At Plano East Senior High School, everyone knows that Friday is brownie day at Eastside Bistro, otherwise known as Lois Conwell’s culinary course. For over a decade, students from all over Plano have flocked to Plano East to brush up on their kitchen skills. Lois Conwell, affectionately known as “Conwell,” is the heart of the class and alumni agree she’s what makes it so effective, not in just teaching kids basic cooking tricks, but in leaving her class fully armed with all the tools they need for a successful career in the food industry.
“I wouldn’t be where I am without it,” says Amber Kurkowski, a 2012 graduate from PESH. She owes her first jobs, at Cityplace Events and Jorg’s Cafe Vienna, to Conwell, in addition to a slew of cooking tips, life lessons and restaurant and catering expertise. Amber originally joined the 40 or so students who enroll each year with aspirations of being a pastry chef. Soon, however, she switched gears for front-of-house operations, getting a taste for the customer-service side of the business, rather than the culinary. “Conwell knows everyone and their dog,” Amber laughs, describing Conwell’s concerted effort to get to know her students and their dreams, often welcoming them into her network of contacts and helping them forge connections of their own. “Not every high school teacher will do that,” she points out. “But Conwell would.”
There’s no AP test at the end of the course, but the Eastside Bistro crew finds themselves immersed in the culinary world, getting a taste of the whole food service industry, beyond the kitchen. National organizations such as SkillsUSA and Prostart hold trade competitions, and the Eastside Bistro competes every year in categories such as customer service, table service and, of course, cooking demonstrations. Amber’s specialty was customer service, meanwhile Katie Villeneuve, Amber’s classmate, earned some notoriety for her demonstration of Oreo truffles, so delicious they carried her all the way to nationals in SkillsUSA.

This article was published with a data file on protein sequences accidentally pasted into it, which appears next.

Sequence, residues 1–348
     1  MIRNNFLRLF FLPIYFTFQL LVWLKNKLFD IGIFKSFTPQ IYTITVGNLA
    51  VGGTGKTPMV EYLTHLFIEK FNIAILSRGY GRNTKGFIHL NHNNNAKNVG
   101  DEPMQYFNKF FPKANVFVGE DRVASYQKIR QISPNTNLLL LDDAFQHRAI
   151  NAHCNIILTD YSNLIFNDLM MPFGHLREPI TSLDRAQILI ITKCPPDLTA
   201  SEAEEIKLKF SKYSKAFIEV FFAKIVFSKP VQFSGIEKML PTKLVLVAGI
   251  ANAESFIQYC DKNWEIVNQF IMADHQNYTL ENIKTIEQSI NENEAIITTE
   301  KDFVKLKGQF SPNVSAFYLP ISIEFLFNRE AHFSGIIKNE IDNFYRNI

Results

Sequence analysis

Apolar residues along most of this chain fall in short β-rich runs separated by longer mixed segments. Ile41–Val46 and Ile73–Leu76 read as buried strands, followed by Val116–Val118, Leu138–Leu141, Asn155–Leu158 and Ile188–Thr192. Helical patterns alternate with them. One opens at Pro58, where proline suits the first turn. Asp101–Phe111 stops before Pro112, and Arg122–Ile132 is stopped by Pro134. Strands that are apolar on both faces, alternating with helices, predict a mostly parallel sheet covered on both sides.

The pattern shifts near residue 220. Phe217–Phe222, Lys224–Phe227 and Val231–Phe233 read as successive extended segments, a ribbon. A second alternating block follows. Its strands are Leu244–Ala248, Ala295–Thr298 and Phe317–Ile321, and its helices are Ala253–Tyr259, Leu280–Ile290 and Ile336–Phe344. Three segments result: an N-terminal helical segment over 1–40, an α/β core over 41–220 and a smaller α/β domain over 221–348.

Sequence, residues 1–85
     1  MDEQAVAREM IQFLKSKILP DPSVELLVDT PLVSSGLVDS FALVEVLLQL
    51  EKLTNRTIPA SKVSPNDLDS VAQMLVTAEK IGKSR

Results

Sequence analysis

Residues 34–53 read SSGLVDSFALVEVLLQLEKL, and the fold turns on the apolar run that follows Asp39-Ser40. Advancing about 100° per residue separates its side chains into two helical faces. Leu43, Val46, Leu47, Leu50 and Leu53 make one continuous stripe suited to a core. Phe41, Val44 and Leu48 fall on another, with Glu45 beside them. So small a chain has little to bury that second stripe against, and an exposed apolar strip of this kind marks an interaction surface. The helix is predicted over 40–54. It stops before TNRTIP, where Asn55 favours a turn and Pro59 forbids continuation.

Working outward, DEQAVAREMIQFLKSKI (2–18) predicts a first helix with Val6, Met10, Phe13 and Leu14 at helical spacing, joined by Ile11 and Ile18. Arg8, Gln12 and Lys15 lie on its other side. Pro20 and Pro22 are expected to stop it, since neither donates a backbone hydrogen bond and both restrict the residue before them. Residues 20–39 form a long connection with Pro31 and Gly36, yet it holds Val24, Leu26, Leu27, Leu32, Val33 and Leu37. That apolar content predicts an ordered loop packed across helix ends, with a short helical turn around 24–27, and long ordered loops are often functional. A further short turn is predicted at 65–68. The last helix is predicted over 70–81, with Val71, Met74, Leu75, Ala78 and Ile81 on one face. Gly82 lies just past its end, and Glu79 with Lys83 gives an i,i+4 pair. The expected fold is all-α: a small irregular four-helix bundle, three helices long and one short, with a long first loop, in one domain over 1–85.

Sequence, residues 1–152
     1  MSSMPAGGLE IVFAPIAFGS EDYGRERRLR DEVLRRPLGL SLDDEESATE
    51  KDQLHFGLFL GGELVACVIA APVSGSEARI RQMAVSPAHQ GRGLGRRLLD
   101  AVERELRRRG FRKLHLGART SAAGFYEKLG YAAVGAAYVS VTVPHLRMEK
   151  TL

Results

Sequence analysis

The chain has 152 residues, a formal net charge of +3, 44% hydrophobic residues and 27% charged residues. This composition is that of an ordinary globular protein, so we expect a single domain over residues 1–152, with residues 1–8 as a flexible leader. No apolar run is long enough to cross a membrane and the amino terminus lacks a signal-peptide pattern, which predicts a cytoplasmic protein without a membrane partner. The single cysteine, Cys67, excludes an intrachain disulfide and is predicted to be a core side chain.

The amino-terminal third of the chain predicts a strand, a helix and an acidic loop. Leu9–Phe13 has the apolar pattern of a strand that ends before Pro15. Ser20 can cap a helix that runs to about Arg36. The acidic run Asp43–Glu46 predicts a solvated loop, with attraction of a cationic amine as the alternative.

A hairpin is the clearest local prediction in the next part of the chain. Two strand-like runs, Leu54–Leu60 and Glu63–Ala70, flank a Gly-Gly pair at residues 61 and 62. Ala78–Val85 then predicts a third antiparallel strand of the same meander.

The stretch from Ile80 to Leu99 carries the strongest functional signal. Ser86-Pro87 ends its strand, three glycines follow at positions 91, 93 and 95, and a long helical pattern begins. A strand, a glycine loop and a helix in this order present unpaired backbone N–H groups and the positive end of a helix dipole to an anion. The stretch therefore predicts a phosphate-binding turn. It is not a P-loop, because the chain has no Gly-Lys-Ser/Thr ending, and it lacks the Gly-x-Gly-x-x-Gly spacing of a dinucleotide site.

These scenarios test real life skills, encouraging collaboration and innovation through competition. One project involved building a restaurant from the ground up: creating a website, designing cups, picking the paint on the hypothetical walls. Amber’s team conceived La Bella Vita, an Italian bistro and café on the Riverwalk.
Today, Eastside Bistro remains a close-knit group of students, united by a love for the artistry and business of food. They even hold banquets and lunches, and sometimes fill orders for cakes and pies for members of the community. They’re open as an alternative to the Plano East cafeteria with a menu that includes quesadillas, pavlovas and cupcakes. There’s a Twitter account (@peshbistro) so fans can follow their cooking escapades.
Graduates have gone on to do great things; one of Conwell’s students even won Iron Chef Leader at the first-ever Iron Chef: North Texas competition hosted by Le Cordon Bleu College of Culinary Arts back in 2010. Like many Eastside Bistro graduates, Amber is pursuing a career in the food industry. She is still in touch with Conwell.
Originally published in Plano Profile‘s January 2017 issue.